This research was funded by the National Natural Science Foundation of China grant number 52031014. The APC was funded by the National Natural Science Foundation of China.

Not applicable.

Not applicable.

## Data Availability Statement

The data is available on reasonable request from the corresponding author.

## Conflicts of Interest

The authors declare no conflict of interest.

## Appendix A. Proof of Theorem II

#### Appendix A.1. Construction of the Representation (Proof of (1) in Theorem II)

We give the construction $ρ ˜$ which is given in (1) of Theorem II and make the twisted knot from the standard knot. Then the Riemann–Hilbert problem can be formulated. We put
$Γ i = C ⊗ … ⊗ C ⊗ s ( i ) ⊗ 1 ⊗ … ⊗ 1$
$Γ ¯ i = C ¯ ⊗ … ⊗ C ¯ ⊗ s ¯ ( i ) ⊗ 1 ¯ ⊗ … ⊗ 1 ¯$
(i = 1, 2, …, m)
(1)
The case of basic type
We make the knot of twisted type from the knot of standard type (Figure A1):
Figure A1. Making the knot of twisted type from the knot of standard type.
Figure A1. Making the knot of twisted type from the knot of standard type.
Next construct a Riemann surface. We prepare two branch points $α 1 , α ′ 1$ in the following configuration and construct the knot. As the knot is $a 1 + a 1 −$, it becomes in the configuration (Figure A2).
Figure A2. Construct the knot on a Riemann surface.
Figure A2. Construct the knot on a Riemann surface.
The over (under) going path from P (respective Q) through P1 to Q (respective P) is denoted by $γ 1 ( + )$ (respective $γ 1 ( − )$). We put $γ 1 = γ 1 ( + ) γ 1 ( − )$.
(2)
The case of simple/multi-type
We choose the knot of multi-type with the following orientation of twist type: We consider the case m = 4 (see Figure A3).
Figure A3. The knot of multi-type with the following orientation of twist type for the case m = 4.
Figure A3. The knot of multi-type with the following orientation of twist type for the case m = 4.
The over (under) going path from P (respective Q) to Q (respective P) is denoted by $γ m ( + )$, $γ m ( − )$) and $γ m = γ m ( + ) γ m ( − )$. We choose a realization on a Riemann surface in the following manner:
(i)
Choose a Riemann surface (Figure A4)
Figure A4. A realization on a Riemann surface.
Figure A4. A realization on a Riemann surface.
(ii)
Make a realization of γ by use of association of twisted type (Figure A5).
Figure A5. Make a realization of a knot γ by use of association of twisted type.
Figure A5. Make a realization of a knot γ by use of association of twisted type.
The approach above can be applied for the general case of m.

#### Appendix A.2. Construction of the Solutions (Proof of (2) in Theorem II)

The solution of Riemann–Hilbert problem can be constructed. We give the solutions in the cases of basic types I and II, separately. We have to pay attention to the method of the construction. We construct the solutions both for positive elements and negative elements at the same time. Therefore, the solutions are considered in the universal K/C algebra.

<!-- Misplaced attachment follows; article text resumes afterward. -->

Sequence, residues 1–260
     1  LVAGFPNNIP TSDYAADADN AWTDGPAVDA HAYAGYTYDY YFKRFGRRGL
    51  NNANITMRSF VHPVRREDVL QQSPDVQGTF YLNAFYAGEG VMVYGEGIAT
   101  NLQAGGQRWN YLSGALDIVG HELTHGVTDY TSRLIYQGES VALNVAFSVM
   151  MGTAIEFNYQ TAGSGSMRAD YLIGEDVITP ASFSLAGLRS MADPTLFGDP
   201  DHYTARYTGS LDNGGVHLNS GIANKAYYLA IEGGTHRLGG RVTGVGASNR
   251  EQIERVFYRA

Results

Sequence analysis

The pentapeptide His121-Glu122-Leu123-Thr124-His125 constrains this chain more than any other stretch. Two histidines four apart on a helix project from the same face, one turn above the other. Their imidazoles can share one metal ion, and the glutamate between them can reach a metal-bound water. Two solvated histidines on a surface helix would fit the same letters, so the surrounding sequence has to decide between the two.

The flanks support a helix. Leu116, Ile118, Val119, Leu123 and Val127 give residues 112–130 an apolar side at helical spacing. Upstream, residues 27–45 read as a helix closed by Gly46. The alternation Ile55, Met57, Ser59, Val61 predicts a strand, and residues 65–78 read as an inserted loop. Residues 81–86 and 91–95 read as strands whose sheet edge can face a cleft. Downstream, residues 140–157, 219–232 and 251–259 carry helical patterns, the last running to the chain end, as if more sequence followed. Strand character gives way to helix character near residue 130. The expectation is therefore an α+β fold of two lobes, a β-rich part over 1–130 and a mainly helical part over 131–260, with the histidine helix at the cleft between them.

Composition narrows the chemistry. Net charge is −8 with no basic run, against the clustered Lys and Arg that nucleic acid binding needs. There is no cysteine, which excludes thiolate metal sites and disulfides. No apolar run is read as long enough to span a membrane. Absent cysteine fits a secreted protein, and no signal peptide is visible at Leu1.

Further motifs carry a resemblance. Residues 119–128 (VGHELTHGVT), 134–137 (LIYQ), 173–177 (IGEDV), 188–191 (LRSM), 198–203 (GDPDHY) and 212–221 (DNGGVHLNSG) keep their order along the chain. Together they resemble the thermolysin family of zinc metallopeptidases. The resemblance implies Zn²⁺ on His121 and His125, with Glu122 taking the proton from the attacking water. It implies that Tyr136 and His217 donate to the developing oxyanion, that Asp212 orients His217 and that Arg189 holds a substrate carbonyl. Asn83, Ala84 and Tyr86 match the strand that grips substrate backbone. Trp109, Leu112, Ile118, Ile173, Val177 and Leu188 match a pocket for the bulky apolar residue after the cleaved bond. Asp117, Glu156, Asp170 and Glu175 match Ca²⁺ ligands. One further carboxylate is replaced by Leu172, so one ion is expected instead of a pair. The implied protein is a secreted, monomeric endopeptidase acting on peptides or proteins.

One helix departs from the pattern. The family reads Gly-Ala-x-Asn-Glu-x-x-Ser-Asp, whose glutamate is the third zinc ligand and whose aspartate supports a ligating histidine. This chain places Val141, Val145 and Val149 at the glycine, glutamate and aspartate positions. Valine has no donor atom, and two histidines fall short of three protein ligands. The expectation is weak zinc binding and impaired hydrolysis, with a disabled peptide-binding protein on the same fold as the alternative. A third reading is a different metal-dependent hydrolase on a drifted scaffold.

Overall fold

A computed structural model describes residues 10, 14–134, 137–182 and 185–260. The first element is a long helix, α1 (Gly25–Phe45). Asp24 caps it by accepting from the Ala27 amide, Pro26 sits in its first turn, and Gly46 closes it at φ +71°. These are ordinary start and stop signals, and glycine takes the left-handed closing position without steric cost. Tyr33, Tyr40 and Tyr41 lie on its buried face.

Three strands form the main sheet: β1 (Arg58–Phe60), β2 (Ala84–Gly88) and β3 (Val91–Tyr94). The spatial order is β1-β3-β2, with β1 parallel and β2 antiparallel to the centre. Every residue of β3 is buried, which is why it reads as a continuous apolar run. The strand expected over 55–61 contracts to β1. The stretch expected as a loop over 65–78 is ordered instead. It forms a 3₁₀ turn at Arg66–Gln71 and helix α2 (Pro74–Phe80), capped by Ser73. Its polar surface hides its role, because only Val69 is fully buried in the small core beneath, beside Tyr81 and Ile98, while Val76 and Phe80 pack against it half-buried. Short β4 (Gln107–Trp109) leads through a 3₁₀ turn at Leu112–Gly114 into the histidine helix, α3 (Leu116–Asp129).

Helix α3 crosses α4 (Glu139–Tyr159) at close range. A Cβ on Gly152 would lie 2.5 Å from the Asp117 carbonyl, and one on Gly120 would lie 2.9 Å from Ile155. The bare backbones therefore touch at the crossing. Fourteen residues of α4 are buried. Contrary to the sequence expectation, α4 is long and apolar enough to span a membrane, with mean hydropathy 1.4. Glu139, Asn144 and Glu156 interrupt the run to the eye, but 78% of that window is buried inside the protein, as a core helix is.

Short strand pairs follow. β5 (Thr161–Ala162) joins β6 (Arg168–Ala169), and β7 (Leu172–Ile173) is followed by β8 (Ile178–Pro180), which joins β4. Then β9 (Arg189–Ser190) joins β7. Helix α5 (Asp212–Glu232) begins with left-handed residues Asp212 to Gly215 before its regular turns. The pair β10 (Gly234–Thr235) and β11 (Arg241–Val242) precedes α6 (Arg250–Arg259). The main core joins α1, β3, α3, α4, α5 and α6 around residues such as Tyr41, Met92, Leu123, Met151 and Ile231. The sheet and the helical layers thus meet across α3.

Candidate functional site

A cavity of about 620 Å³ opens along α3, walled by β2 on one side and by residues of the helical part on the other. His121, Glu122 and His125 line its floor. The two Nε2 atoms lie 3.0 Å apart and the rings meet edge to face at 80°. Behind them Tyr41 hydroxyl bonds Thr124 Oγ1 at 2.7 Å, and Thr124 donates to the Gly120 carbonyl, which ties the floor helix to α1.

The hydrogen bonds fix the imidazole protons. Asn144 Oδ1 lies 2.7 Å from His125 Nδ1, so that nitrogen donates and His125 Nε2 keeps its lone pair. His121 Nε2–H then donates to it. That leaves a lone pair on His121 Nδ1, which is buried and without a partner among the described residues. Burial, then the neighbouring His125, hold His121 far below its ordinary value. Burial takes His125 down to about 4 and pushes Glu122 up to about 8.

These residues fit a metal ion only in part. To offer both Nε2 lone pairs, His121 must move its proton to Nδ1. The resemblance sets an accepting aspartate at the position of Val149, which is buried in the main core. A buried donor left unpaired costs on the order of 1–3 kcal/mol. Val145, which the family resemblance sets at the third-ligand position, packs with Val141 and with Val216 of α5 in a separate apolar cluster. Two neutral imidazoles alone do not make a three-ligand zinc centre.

(1)
The solution for the basic form of type I
The solution is given as follows:
Putting
$F = ( z − α 1 ) β 1 ( z − α ′ 1 ) β ′ 1$$( β 1 , β ′ 1 = ± 1 / 2 )$,
we have
${ γ 1 * F = γ 1 ( − ) * ⋅ γ 1 ( + ) * F γ 1 ( + ) * = e 2 π i β 1 exp ( i K Γ 1 ) γ 1 ( − ) * = e 2 π i β ′ 1 exp ( i K Γ ¯ 1 )$
(2)
The solution for the basic form of type II
Following the method of the Röhrl’s solution for the Riemann–Hilbert problem [59], we have the solution
$F ( z ) = ∏ i = 1 m ( z − α i ) β i ( z − α ′ 1 ) β ′ 1 ( β i , β ′ 1 = ± 1 / 2 )$
Then, we have the following representation: $ρ ˜ ( γ m ( + ) γ m ( − ) ) = ρ ˜ ( γ m ( + ) ) ⋅ ρ ˜ ( γ m ( − ) )$, where
${ ρ ˜ ( γ m ( + ) ) = ∏ i = 1 m e 2 π i β i exp ( i m K ″ Γ 1 Γ 2 … Γ m ) ρ ˜ ( γ m ( − ) ) = ∏ i = 1 m e 2 π i β ′ i exp ( i m K ″ Γ ¯ m Γ ¯ m − 1 … Γ ¯ 1 )$
(3)
The general type
In this case, there are two kinds of intersection points: (1) {a1, …an} are the singularities arising from the knot of multi-type; (2) {b1, …, bm} are the singularities arising from the part of the given non-trivial knot. For the simplest sake, we write the sequence {an, bm} as {ck}, k = 1, 2, …, n+m, and put $Γ i = Γ ¯ i = 1$ for bi, we can rewrite them {ck}. ${ Γ k , Γ ¯ k }$. Then, following the procedure above, we can formulate the Riemann–Hilbert problem and find the desired solution. The discussion is completely identical, and it may be omitted.

## Appendix B. Proof of Theorem III

We begin with recalling the classification of the knots in the transfer matrices V1, V2, and V3. From the results in Section 4, there are knots of the following types: basic types I and II, product type (and adjoint type). In the following, we construct the trivializations for these basic types and combining the results, the desired trivialization is obtained for the product type.
The configuration of type I can be trivialized by the scheme in the basic idea. We have the following trivialization (Figure A6):
Figure A6. The trivialization of the configuration of type I.
Figure A6. The trivialization of the configuration of type I.
We construct the trivialization in the case of the configuration type II and m = 3 as the following process (Figure A7).
Figure A7. The trivialization of the configuration of type II and m = 3.
Figure A7. The trivialization of the configuration of type II and m = 3.
The desired trivialization is given by
$( exp Γ 1 ⊕ exp Γ ¯ 1 ) ⊕ ( exp Γ 2 ⊕ exp Γ ¯ 2 ) ⊕ ( exp Γ 3 ⊕ exp Γ ¯ 3 )$
We treat the product type by the choice of an example:
$exp ( i K * Γ 2 k − 1 Γ 2 k ) exp ( i K ′ Γ 2 l Γ 2 l + 1 ) exp ( i n K ″ Γ 2 j ( Γ 2 j + 1 Γ 2 j + 2 ∆ Γ 2 j + 2 m − 2 ) Γ 2 j + 2 m − 1 )$
Following the results of Theorem I, one can obtain the following configuration (Figure A8):